We met at my house and as usual, he seemed pleasant, but very polite.
We went over the thoughts he and I both had, me talking about how Joseph Smith himself had given the Priesthood to women, and that from what I understood, that had been taken away in the 1800s (It started by the Relief Society that had been run by women starting out, getting disbanded, then to turning Relief Society over to men being over the women in it by Brigham Young: then later Joseph F Smith had completely taken the Priesthood away from women , as women used to bless each other… if I am understanding it right. It is another parallel to my African American brothers, as the Priesthood was also unfairly taken away from my African American brothers by Brigham young ) which meant to me that the Ordain Women Group was NOT going against the church because our FOUNDER of the religion himself ordained his wife Emma as a Priestess, (If that is true- and from what I read and studied, it IS in Mormon History) but the Bishop told me that what modern Prophets teach is what matters now, Not Joseph Smith, which hits me as odd because our whole religion is based off of Joseph Smiths first vision… and the Ordain Women group is not going against the church in my mind…are they teaching against the church?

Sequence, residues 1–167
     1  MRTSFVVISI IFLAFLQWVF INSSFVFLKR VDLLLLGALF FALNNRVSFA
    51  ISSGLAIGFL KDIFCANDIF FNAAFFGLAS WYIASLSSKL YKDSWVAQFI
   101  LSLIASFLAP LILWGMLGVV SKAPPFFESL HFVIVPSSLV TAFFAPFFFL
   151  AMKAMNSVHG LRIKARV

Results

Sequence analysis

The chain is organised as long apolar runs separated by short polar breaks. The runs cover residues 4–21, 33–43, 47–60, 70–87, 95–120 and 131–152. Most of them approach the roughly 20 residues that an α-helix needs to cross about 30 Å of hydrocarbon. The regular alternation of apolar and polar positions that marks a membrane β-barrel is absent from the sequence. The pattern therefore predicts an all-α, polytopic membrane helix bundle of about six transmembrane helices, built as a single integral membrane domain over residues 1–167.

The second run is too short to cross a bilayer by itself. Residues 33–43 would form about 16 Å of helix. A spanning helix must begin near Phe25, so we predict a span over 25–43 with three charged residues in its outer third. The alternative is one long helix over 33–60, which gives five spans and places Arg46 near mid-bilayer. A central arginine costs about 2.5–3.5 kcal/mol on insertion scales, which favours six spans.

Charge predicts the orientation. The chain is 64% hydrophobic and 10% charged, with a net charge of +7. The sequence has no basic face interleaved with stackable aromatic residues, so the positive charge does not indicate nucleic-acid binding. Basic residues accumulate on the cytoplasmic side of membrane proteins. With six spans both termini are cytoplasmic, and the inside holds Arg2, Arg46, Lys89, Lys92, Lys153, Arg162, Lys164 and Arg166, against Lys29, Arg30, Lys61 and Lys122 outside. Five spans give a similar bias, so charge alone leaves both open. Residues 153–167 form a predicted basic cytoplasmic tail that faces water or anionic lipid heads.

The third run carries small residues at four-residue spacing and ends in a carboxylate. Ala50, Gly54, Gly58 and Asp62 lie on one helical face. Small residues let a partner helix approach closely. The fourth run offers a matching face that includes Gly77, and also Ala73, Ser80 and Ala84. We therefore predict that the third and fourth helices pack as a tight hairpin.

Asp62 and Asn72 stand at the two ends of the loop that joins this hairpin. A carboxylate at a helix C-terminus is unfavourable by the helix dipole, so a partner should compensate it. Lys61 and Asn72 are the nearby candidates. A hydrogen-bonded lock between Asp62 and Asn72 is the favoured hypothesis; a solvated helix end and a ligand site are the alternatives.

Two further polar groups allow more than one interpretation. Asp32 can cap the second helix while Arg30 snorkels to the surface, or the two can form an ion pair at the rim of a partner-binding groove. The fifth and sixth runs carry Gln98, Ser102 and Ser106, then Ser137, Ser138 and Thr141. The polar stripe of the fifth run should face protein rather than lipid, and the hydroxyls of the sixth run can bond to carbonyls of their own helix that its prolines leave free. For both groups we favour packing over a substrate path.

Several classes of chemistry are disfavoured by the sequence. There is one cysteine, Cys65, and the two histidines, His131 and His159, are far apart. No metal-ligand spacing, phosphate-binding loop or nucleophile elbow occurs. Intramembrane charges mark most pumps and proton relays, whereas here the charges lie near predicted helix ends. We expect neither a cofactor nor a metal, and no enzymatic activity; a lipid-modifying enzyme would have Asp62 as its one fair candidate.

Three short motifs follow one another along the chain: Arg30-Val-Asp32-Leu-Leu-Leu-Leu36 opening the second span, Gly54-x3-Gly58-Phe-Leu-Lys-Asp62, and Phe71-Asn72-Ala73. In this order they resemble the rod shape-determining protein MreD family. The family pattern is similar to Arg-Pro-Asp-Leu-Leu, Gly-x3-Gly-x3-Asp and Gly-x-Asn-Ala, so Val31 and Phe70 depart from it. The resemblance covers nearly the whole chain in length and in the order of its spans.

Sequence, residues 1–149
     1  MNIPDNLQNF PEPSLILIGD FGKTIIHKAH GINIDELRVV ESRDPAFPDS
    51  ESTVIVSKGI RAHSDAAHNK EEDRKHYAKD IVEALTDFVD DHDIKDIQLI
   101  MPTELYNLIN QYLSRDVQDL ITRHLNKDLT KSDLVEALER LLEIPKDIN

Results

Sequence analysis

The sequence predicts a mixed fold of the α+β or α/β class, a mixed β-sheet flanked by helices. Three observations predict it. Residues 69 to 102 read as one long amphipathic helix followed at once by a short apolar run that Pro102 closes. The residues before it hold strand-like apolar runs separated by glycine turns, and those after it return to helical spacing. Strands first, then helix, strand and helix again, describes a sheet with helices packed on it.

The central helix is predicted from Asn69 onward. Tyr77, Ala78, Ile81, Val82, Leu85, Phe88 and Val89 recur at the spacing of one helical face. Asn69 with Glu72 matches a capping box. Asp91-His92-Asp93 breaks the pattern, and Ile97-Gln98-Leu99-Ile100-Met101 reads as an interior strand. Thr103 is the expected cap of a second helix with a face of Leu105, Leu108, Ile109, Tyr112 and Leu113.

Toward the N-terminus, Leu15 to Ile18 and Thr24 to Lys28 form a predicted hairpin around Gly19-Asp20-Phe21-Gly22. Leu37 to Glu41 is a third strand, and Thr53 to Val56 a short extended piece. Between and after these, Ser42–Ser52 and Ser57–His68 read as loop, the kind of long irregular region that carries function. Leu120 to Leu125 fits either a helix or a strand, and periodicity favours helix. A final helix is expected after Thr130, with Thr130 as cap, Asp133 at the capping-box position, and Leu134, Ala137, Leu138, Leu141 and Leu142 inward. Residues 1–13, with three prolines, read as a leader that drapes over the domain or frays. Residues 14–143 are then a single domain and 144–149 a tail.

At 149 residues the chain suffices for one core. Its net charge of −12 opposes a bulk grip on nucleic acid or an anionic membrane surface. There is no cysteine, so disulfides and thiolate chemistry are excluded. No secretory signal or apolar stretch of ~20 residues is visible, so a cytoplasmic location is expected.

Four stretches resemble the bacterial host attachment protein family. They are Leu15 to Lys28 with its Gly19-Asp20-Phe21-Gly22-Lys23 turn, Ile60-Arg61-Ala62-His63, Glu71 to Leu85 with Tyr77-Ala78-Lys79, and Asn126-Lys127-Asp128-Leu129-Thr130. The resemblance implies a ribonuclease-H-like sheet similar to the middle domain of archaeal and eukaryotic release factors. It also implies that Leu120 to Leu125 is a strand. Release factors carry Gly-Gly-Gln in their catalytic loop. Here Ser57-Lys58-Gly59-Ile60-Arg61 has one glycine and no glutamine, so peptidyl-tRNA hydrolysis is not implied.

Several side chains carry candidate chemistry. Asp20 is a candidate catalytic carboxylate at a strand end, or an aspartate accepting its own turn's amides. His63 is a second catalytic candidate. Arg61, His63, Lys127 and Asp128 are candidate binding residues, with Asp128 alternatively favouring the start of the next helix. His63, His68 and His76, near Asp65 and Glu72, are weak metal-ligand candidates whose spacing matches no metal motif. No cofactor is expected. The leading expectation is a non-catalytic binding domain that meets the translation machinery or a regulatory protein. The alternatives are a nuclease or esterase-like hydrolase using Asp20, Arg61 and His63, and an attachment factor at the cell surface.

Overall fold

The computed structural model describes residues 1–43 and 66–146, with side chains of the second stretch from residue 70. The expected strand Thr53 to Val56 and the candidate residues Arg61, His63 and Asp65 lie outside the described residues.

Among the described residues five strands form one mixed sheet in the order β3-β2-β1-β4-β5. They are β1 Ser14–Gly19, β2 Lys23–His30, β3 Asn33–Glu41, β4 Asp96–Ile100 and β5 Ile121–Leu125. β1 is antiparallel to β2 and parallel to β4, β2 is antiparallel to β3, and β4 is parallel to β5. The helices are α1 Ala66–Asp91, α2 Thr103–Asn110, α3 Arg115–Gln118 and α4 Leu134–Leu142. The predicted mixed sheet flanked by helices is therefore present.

No… they are just asking our Prophet to pray about it.
I told Bishop I didn't know how to answer that second question because as of right now they don't teach women's ordination…By now I was getting angry.
So he asked for my Temple recommend, and I told him I wanted to talk to the Stake President (one up from him) it was getting later and later, so we parted ways and he said we would meet the next week. BY now I was completely drained and just exhausted, feeling completely misunderstood.
I went in to talk to the Bishop completely calm.
As I talked to the Bishop I let him know what I believed, I wasn't angry, and I took some of the thoughts I had found from Edward Kimball's document on the Priesthood, which were incredible and had many parallels to the Ordain women movement.